Forthcoming Obamacare insurance tax a threat to public school budgets

Oct 30, 2013 by

MARIETTA, Ohio – In case there wasn’t enough confusion surrounding America’s new health care law, school leaders in Ohio’s Marietta City school district are warning that a new “Obamacare” tax could put the district in a financial bind once it takes effect in 2018.

Marietta City teachers currently receive generous health insurance benefits from the district – benefits the teachers union has protected by agreeing “to forego overall pay increases the last six years,” reports The Marietta Times.

But that arrangement may have to change, once district and teacher union officials sit down to negotiate their next labor contract early next year.

As things stand now, some of the insurance plans offered to Marietta school employees qualify for the new “Cadillac tax” that’s part of the Affordable Care Act (or Obamacare). Those insurance plans are seen as too generous under the new law, and will be subjected to a 40-percent fee on individual and family plans that exceed set annual costs of $10,200 and $27,500, respectively.

The Marietta Times reports, “Over a five-year period, Marietta City Schools would have to pay nearly $5 million in excise tax on just one of its three insurance plans, based on current prices and projected increases.”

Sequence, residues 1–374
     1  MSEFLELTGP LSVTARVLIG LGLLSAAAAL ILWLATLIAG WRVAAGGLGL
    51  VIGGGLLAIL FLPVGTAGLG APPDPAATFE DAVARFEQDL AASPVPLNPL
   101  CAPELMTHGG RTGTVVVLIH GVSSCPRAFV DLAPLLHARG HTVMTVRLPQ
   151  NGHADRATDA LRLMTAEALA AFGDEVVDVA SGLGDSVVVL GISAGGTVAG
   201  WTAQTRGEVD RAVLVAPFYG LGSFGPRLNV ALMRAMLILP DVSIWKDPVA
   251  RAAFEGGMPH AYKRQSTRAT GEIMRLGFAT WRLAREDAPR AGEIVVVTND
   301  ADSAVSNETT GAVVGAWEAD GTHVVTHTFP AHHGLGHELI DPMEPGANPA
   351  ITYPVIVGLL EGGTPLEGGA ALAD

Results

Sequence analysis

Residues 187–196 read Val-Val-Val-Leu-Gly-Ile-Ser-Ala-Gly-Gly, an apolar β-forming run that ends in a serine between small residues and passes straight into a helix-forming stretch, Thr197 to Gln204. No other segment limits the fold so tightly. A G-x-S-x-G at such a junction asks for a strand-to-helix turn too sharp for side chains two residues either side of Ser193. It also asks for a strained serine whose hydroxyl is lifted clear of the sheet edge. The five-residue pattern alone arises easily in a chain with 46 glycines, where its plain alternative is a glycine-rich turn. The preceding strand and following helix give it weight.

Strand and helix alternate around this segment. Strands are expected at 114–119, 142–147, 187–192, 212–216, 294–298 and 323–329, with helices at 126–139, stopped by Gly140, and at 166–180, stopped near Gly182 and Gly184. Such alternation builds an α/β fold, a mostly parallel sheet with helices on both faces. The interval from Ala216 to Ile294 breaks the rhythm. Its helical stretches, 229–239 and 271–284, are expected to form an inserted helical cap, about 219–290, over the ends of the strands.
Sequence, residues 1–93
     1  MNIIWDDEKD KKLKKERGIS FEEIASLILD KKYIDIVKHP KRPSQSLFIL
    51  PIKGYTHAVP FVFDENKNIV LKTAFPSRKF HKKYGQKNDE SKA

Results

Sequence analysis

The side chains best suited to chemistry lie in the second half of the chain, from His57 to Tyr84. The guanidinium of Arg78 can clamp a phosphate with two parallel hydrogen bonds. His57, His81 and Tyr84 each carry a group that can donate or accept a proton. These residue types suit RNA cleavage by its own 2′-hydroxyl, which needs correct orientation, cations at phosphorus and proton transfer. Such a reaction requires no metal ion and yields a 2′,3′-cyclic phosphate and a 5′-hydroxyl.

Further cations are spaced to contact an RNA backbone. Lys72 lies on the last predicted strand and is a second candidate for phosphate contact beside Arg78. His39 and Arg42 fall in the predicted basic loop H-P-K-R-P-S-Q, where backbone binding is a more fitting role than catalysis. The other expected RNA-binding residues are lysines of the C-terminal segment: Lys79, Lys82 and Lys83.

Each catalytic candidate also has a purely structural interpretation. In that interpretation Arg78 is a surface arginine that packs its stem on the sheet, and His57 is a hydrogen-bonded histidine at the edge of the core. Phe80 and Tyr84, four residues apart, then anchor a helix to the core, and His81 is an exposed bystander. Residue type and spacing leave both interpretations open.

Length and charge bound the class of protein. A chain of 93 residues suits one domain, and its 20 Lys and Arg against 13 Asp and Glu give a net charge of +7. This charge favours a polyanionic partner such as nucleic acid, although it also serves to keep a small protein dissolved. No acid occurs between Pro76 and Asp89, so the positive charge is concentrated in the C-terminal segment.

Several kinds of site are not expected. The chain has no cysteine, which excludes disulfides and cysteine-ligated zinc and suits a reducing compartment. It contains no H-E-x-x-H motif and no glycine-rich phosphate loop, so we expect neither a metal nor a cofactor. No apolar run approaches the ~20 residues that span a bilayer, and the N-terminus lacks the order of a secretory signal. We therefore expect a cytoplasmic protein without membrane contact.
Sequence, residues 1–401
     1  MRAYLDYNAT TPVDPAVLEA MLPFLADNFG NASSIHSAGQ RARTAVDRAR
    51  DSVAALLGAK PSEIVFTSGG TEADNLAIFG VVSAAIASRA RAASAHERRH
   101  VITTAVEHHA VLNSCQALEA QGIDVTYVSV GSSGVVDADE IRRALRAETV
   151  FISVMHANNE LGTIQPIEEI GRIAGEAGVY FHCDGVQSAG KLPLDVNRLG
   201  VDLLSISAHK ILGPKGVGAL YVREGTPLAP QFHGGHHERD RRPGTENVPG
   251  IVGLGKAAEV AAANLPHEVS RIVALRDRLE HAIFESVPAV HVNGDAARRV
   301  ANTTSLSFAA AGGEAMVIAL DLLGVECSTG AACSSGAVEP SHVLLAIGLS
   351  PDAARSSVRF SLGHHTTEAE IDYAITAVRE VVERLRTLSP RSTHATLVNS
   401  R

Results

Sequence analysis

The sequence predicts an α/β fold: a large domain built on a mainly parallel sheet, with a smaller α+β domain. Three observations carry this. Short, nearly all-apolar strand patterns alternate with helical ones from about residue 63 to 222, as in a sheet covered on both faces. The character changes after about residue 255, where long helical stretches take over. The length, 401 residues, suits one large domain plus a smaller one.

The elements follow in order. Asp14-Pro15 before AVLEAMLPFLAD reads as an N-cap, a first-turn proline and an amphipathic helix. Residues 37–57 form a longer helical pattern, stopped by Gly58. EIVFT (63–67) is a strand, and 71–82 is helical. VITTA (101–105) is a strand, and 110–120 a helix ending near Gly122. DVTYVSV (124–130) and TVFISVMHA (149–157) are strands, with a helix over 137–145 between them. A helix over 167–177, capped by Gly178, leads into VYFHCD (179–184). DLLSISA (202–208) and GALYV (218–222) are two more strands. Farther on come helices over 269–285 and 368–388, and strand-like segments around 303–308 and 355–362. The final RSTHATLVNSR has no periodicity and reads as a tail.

Treasurer Matt Reed told the news site there’s no way the district can “pay out those types of dollars without (it) affecting the education of our students.”

School districts throughout Ohio and the rest of the U.S. are facing a similar dilemma that seemingly has no good solution.

Some school leaders will choose to ignore the looming problem, in hopes that Congress makes changes to the law before 2018.

Other optimists suggest the vast majority of union plans will stay below the annual cost caps of $10,200 and $27,500, thus making fears of the “Cadillac tax” much ado about nothing.

But as some analysts have noted, D.C. lawmakers created the new tax to help pay for the new health care law. The tax seems unlikely to go away, barring some major shakeup in the nation’s capital.

More proactive K-12 leaders understand this and will ask their local teachers union to either share the costs of the “Cadillac tax,” accept a scaled-back health plan, skip hoped-for pay raises, or some combination of all three.

Asking teacher unions to trade in their Cadillacs for Chevys (as one writer put it) could very well spark labor disputes in school districts across the nation.

If that occurs, it will just be another side effect from this new health care law that’s making a lot of Americans sick.

Forthcoming Obamacare insurance tax a threat to public school budgets – powered by Education Action Group Foundation, Inc..

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